Justin Sports Medicine

(Chris) Hello and welcome to Horsin’ Around. I’m Dr. Chris Blevins at
Kansas State University Health Center and we are in Dodge City, Kansas, at
the Dodge City Roundup Rodeo. Joined today with the very special guest,
Doug Ollie. He is part of the Justin Boots Sports Medicine Company or I
guess program that they have at rodeos. And I think one thing that’s kind
of crucial that people may not even realize is what’s kind of behind the
scenes. (Doug) OK. (Chris) What do you kind of do Doug? (Doug) I am
employed through the Justin Boots Company in their Sports Medicine
Division. It’s been around since 1981 and we travel to 125 different
rodeos. And we are the primary healthcare of the PRCA. And what that means
is not only do I take care of them in the rodeo arena, but the stock
contractors, anybody that has a card, we take care of ’em in here. There
was a WPRA barrel racer that came in here that pulled her hamstring last
night pretty bad that we had to work on so that she can run today. So,
it’s the whole gamut, before, after and during. (Chris) Yea, it’s, you
know whenever I’m watching parts of the rodeo it seems like you guys are
always just busy, especially right before the rodeo, getting everybody
ready. So, what does that all entail as far as those athletes that are
getting ready? (Doug) My responsibilities are just like a normal NFL team,
an NBA basketball team, what their athletic trainers do. We do the pre-
event screening for injuries if they come in maybe from another rodeo and
they’re injured. We tape ’em, we stretch ’em, anything like in a physical
therapy clinic. We have the modalities, the electrical stim, the ice, the
heat, and taping if necessary, getting ’em ready to ride. And then as soon
as they do ride, we take care of ’em afterwards and kind of get ’em down
the road to their next event. (Chris) You take care of ’em even
afterwards, so would you be doing icing? (Doug) Ice, electrical stim, a
lot of stretching, See what their injury is actually like, and if they’re
going to another rodeo where we’re at, I’m in contact with our other
sports medicine program manager at that event, telling them what I’ve
done, what we have, and what they expect when they get there. (Chris) Now,
something that I think is just amazing, that we always have the students
at K-State come and do tours of, just this trailer itself. And can you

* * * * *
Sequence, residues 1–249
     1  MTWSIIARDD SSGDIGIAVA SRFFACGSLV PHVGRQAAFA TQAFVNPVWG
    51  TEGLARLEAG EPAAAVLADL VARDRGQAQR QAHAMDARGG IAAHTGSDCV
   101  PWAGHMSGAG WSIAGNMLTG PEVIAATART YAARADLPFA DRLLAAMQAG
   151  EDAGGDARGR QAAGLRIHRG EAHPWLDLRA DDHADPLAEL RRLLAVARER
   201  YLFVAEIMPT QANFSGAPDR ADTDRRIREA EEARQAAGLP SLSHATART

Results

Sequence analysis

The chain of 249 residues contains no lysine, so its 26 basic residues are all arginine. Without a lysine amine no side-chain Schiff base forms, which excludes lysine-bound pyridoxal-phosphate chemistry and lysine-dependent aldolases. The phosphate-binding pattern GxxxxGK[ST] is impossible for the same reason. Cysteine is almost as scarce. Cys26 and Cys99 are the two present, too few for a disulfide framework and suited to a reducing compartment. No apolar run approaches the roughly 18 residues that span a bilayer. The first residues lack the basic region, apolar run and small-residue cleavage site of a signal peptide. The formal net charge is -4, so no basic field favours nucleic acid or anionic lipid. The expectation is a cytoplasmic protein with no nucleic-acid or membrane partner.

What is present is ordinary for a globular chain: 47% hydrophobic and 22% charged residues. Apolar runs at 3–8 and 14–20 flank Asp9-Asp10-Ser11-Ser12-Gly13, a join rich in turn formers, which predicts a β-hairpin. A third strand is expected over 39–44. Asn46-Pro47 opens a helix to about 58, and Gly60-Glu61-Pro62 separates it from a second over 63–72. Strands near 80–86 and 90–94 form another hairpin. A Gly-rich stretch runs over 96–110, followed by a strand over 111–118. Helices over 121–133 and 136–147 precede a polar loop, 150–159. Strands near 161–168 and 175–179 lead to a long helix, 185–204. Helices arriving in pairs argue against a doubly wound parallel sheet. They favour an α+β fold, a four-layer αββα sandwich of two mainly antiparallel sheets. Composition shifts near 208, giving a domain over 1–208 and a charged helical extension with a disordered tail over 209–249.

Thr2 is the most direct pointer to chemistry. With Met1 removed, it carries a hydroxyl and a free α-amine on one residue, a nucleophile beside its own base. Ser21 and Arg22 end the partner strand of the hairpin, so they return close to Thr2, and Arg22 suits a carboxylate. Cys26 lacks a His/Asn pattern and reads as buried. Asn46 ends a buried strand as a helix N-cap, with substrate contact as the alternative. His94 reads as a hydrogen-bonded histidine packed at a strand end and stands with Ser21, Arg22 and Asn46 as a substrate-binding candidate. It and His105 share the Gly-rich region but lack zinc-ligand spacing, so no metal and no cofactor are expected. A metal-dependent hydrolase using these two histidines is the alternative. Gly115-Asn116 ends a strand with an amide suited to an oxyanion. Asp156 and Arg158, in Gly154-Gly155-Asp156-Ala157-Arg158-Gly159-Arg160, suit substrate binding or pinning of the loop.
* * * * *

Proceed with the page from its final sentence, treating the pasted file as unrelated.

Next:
just say a little bit about the trailer, how long you’ve had the trailer
and where it goes? (Doug) We have three of these trailers. They’re 40 foot
long, 12 foot high and 8 foot wide. And we can do anything in here that
most minor emergency rooms can do, and/or physical therapy clinics or
athletic training rooms do. Kind of like your trailer over there. If we
get somebody bad that’s hurt in the arena, of course we get ’em to the
hospital. We work closely with our local EMS. But we try to do as much as
we can in this trailer. This one here is primarily my responsibility I’m
out of Nacogdoches, Texas. The other two stay up in the north, northwest,
and central north. And they’re back and forth, different rodeos. If we do
a rodeo where the trailer is not needed we use a room in the facility and
we drop ship stuff with our people there. And we’re kind of like with you
having your students here, when I go into a room or when I go into an
event, 30-40 days out I’m calling my local people. And so I’ve got my
local doctors on hand. They’re here at the rodeo. I’ve got local trainers
here, and/or physical therapists. And it’s a great networking system.
(Chris) I think it’s just great what you do. And what Justin Boots does
for these athletes at the rodeo in keeping them healthy and being
available for them. I think that’s just amazing. How many times or where
do you go or is it an all year? (Doug) It’s an all year. It’s a 12-month
deal and the season finale is in Vegas of course, in December. But just
for this run you and I were talking about earlier, I left my house June
28th, I don’t go home until the middle of August. And when I left Texas I
went to Oakley, Utah. The next week I was in Sheridan, Wyoming. I was off
a week, but they put me up in Park City. That’s kind of a bad deal. Then
the following week I was in Spanish Fork. I’m here this week. Monday I
have to have the trailer in Lawton. Then I go to Sikeston, Missouri. I
come back, get the trailer, take it to Denton, Texas. I’m off a week and a
half and then I go to Iowa for three weeks. (Chris) That is just great.
(Doug) It’s good. I wouldn’t change it for anything and our athletes are
wonderful, just like the athletes that you take care. You and I were
talking yesterday, sometimes yours don’t get to talk to you and mine do.
So, we’ll trade every once in a while, but it’s a great job. I truly love
what I do. (Chris) Well, thank you Doug for talking today. (Doug) Thank
you for everything. (Chris) And thank you for everything you do for rodeo.
(Doug) Thank you sir. (Chris) Dr. Chris Blevins at Kansas State University
Veterinary Health Center and that’s for Horsin’ Around and we’ll see you
around.

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